Saturday, June 19, 2010

Brooklyn roof farm

We have been threatened with eviction. We knew it was coming, but have been dragging our tootsies.

We thought that perhaps, because we have a terrace, a fig (with fig numbers and prize winner to be announced on Monday), blueberries, strawberries, herbs and flowers, and that we blog about it extensively we'd be let off the hook. Self-promotion is another Brooklyn residency requisite, and we are fulfilling that side of the bargain. But no. Since this is Brooklyn, after all, and earnest, pretty gardens do not count.

You have to be Serious.

You have to have a Roof Farm.

Also, it is preferred that you know nothing at all about farming or plants (or chickens). And one of you has to grow a beard.

We draw the line at beards. You have seen Vince's haircut, have you not. He doesn't do hair. I have the hair and I've tried a beard but it comes in spottily.

The cat has to do the beard-growing.

Anyway.

We received the pink slip. We are rectifying the situation. It was leave this Borough - the hippest the coolest the most creative the most innovative the most dedicated to urban rural living the most conscious of its flagbearing status embodying all that you want to be but can't be because you don't live in Brooklyn...or start a farm. The alternatives were growing your own hops and brewing your own beer, distilling moonshine, raising chickens or hogs on the roof and turning them into artisinal pots of pâté, or starting an oyster hatchery in the Gowanus.

A farm seemed reasonable.

So I am moving four Mexican heirloom tomato plants to the roof. Yes, the silvertop, waterless, heatbaked roof. This is why I need boxwood balls. If it's easy, or makes sense, it does not count.

I bought the plastic pots ( I had to take a pill before this purchase. I have never owned plastic pots in my life). I bought the tepees. I have the tomatoes. I get so many points for these. Not only did I source them locally, avoiding big box stores and gas mileage and carbon footprints, I sourced them from the floor of the terrace...and now they are big, with flowers and teeny little fruit already beginning. The plastic pots are white, to add to un-aesthetica. To reflect some of the heat, hopefully.

And when the tomatoes are ripe, I will sell them.

Yes sirree. You can't just have a roof farm. You have to sell your produce. To restaurants. At the Brooklyn Flea. But me, I will sell them on the sidewalk outside the brownstone. If my West Indian nurse, stroller pushing Cobble Hill mamma, iPhoning pappa want to know where the tomatoes come from, I will point Up. And I will sell basil, which I plan on growing too.

It will of course be the end of summer when I do this so everyone will be sick of basil and of tomatoes.

But it's farm and sell, or leave the Borough.

8 comments:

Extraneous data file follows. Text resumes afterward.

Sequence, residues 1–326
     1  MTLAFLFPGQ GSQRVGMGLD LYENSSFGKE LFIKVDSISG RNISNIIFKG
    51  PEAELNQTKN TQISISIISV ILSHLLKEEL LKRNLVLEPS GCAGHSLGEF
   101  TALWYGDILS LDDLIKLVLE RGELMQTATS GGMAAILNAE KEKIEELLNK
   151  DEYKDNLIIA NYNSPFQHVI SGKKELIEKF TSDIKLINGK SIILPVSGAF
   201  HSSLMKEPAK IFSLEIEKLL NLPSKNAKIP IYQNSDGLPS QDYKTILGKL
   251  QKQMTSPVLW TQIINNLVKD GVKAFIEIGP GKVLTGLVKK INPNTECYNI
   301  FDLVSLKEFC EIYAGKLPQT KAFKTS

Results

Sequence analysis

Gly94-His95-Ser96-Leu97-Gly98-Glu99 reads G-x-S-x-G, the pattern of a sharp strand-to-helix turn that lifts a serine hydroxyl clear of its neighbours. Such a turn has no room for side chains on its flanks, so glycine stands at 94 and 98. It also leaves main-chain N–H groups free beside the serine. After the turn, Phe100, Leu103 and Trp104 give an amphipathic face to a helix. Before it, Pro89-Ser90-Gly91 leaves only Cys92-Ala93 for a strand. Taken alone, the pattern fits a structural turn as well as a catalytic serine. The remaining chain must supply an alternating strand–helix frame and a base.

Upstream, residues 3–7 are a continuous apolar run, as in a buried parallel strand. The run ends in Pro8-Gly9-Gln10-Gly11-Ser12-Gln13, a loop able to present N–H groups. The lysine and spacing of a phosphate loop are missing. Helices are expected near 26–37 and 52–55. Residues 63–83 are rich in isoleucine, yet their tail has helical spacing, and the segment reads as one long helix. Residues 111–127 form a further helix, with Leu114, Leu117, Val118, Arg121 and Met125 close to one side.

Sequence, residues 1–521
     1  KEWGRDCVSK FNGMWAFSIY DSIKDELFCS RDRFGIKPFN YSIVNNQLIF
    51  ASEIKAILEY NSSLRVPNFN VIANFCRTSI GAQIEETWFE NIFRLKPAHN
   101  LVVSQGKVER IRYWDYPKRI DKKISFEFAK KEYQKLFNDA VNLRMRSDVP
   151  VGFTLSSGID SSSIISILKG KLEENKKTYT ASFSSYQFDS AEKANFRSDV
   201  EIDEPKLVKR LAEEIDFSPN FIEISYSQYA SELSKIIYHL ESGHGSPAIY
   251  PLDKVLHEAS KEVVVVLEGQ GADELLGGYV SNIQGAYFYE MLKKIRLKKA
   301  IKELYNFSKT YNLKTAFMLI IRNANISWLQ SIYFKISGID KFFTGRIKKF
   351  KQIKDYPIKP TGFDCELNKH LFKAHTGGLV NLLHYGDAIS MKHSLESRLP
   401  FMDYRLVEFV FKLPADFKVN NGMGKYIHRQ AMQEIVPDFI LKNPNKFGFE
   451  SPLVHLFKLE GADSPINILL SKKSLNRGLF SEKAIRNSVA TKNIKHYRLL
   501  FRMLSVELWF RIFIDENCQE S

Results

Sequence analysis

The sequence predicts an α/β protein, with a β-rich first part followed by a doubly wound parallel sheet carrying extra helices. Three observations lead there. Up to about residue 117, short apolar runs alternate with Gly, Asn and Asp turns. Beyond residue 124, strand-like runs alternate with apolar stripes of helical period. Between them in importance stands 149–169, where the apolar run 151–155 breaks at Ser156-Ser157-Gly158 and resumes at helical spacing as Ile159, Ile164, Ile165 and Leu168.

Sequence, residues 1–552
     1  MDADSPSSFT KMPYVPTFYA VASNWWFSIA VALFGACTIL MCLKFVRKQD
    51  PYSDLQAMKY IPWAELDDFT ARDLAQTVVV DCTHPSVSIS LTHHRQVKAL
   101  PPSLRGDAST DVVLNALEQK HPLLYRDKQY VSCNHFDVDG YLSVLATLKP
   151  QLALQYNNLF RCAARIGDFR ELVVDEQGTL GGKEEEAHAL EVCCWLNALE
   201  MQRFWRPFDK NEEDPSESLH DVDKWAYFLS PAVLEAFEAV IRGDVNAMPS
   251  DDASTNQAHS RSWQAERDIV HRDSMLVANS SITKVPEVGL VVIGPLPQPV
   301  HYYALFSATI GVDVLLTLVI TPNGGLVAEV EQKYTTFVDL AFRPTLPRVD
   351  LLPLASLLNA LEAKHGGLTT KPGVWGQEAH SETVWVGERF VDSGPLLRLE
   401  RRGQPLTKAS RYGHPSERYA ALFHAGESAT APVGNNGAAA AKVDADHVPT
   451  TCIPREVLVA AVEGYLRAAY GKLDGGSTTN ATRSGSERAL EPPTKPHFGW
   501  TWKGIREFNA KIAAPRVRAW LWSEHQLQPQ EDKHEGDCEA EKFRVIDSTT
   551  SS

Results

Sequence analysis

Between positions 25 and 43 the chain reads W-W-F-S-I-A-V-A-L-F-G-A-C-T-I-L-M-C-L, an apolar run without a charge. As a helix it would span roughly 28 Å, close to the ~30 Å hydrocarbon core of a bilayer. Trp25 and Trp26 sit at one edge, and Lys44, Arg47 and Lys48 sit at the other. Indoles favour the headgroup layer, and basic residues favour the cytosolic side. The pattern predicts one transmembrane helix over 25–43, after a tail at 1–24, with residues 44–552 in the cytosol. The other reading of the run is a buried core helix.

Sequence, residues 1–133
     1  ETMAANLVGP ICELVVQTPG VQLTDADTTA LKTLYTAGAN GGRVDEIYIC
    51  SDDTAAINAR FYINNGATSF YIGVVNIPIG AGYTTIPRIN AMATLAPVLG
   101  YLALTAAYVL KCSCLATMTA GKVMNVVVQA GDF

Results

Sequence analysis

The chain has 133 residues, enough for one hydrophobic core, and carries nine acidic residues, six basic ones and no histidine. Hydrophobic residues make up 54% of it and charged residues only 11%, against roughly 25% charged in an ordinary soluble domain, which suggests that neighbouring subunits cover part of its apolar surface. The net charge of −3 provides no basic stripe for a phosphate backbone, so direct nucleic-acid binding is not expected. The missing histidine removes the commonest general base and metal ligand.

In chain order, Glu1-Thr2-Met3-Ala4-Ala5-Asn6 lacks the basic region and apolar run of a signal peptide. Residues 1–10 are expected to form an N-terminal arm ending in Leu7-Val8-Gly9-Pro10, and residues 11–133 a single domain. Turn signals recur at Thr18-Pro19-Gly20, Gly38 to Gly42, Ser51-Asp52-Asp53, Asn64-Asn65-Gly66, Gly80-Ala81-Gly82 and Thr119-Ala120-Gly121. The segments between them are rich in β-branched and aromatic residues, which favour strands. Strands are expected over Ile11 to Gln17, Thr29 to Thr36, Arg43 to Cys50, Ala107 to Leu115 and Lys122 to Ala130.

1. A farm? Wow I have the feeling your roof farm in Brooklin is going to be quite the place to blog about...

    Looks like a lot of work though, very wise to let Estorbo in charge of the beard growing business ;-)

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  2. I will buy your tomatoes and basil. Fer sure.

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  3. There's a Cole Porter song called "Farming", do you know it?

    "Farming, that's the fashion
    Farming, that's the passion
    Of our great celebrities of today."

    Let's re-write it and perform it in defiance of your landlord. And if you need any more pots I have several large (if not beautiful) plastic and fiberglass pots here in PA which I'd be happy to contribute to the cause.

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  4. Good luck with your new venture! I look forward to reading and seeing pics on your blogsite

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  5. I think your landlord is brooklyn fashion
    And ye farm lest ye be evicted from Brooklyn.

    Your humor is spot on. Let the race be on to sell hyper local tomatoes. Though some will think you mean GOD when you point up. Whuteva sells da tamaduz.

    I got a letter from the Dept of the Interior yesterday.

    They want me to be a federal farmer.

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  6. Anyes - Estorbo is already complaniing that he has the heaviest burden to shoulder. With him it's always drama.

    Knithound - CSA? 3 members?

    Ellen - yes! :-)We can sing it a la Doris Day, in dungarees.

    Lyn - thank you...it's all a bit silly.

    Frank - maybe God is LOCAL? Federal farmer - that means you get money to plant a monoculture, right?

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  7. I must be behind in my blog reading...I don't understand why you have been told you might be evicted...unless you have a farm. Is Brooklyn falling in the river?

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